J.: There were quite a few dishes I was unfamiliar with, but the tuna entry by a woman who grew up Hasidic was particularly enlightening. She writes that a tuna sandwich is one of the only things she feels comfortable eating in a nonkosher restaurant.
AN: I wanted there to be something unexpected that deepens understanding, not only of food but of Jewish life and culture and history. There’s something for everyone to learn. There are also some lesser-known foods from the Jewish communities of India and Syria, for example.
J.: Two of the most controversial entries are bacon and bagels, both by Tablet senior writer Liel Leibovitz. He argues that bagels are the least Jewish food on the list, as they can be found in nearly every airport in America.
AN: Liel said that imagining Jewish food without treyf is like imagining Harry Potter without Voldemort. To avoid or ignore the forbidden felt like we would lose something. As for the bagels, we got some pushback from that, obviously, so in the book there’s a sidebar article arguing against Liel’s perspective.
J.: Tell me about haminados, Sephardic slow-cooked eggs, an entry you wrote.
AN: I had to ask people about it because I didn’t want to have a food representing Sephardic culture if it was not actually a food that anyone outside of my grandmother’s kitchen ever made. I got confirmation it was a widely eaten dish, and so it felt very moving to me to write about a food made by the person in whose kitchen I got my own culinary and cultural education.
J.: What can we expect at the JCCSF event on Friday?
AN: I’m going to give the community a window into some of the fights we had putting together the list. I think they might be some of the more elucidating anecdotes. I also want to talk about how to make this list personal to you. People’s personalities and personal lives went into making this list. At a recent event, someone suggested to me that when we go into paperback, we should add a page for the 101st food and let everyone write in their own. I think that’s the best idea and completely in the spirit of the book.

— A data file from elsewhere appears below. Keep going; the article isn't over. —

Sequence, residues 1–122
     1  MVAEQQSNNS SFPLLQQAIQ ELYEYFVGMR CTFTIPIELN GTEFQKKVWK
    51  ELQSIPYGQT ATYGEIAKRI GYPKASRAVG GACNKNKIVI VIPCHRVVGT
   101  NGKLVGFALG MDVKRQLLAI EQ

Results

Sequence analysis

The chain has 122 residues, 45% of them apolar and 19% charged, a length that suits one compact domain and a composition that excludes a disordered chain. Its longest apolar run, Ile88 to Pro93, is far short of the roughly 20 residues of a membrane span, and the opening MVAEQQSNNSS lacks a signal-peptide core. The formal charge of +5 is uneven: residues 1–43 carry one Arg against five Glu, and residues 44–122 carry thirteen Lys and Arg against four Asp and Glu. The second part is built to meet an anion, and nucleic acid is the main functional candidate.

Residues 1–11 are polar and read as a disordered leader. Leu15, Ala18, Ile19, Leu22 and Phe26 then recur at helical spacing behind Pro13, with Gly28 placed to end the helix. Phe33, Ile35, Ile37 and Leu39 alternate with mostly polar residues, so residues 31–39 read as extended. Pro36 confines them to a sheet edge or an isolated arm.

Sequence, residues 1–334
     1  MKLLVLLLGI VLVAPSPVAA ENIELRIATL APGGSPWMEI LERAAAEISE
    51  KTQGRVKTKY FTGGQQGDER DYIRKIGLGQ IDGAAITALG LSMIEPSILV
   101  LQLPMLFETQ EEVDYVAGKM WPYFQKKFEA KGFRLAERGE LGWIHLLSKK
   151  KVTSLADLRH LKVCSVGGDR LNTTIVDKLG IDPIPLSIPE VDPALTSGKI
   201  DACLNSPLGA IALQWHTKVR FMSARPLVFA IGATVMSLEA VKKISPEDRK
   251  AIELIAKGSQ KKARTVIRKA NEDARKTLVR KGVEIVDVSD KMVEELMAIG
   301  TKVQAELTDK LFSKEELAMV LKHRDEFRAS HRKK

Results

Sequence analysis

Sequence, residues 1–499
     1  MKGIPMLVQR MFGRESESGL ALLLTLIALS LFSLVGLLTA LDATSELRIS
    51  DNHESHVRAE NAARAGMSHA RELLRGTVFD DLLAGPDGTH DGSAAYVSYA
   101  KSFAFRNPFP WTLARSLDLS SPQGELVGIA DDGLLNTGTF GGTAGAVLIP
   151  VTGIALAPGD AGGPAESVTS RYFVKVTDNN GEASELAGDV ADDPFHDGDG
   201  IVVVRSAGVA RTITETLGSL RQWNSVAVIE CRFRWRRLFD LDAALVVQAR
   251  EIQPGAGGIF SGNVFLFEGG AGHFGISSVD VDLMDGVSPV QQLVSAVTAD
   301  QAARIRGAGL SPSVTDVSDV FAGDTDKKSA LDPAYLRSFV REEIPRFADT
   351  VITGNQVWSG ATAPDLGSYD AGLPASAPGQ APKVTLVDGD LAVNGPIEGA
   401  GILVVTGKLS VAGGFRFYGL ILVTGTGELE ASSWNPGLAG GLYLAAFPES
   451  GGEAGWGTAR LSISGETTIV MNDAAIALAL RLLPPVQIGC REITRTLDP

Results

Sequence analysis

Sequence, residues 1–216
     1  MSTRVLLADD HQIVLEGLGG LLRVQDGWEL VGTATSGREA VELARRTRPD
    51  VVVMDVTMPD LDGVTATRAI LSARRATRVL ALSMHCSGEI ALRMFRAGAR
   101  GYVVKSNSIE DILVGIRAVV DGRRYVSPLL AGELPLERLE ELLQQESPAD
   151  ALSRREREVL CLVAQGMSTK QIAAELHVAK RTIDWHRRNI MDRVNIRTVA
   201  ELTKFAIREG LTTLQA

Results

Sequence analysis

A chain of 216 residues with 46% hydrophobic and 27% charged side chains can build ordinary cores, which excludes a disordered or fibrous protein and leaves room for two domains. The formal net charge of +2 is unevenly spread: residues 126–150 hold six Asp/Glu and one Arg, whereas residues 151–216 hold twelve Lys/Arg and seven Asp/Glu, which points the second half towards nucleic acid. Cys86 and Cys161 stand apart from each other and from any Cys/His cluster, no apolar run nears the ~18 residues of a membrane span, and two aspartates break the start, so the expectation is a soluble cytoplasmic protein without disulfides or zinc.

From “The 100 Most Jewish Foods” by Alana Newhouse (Artisan Books). Copyright © 2019.
- 6 large eggs, in their shells
- 2 tablespoons (about 10 grams) or more used coffee grinds, or whatever is left in your coffee machine from the morning
- 1 teaspoon vegetable oil
- 1 teaspoon distilled white vinegar
- 1 teaspoon salt
- Skins from at least 2 large or 3 medium onions
- 1 to 3 used tea bags (optional)
- Lemon wedges, for serving
Place the eggs, coffee grinds, vegetable oil, vinegar, salt, onion skins, and tea bags (if using) in a large pot and cover with cool water. Bring to a boil, then reduce the heat to maintain a gentle simmer. Cover and cook for at least 7 hours, but preferably overnight. (Check the pot occasionally — if enough water has evaporated that you can see the tops of the eggs, add more.)
Drain the eggs, rinse the shells, and serve with lemon wedges. The egg whites will be brown and the yolks green around the edges. And if you’re lucky, the shells of at least one or two will have cracked in the process, thereby naturally giving the egg a marbled effect.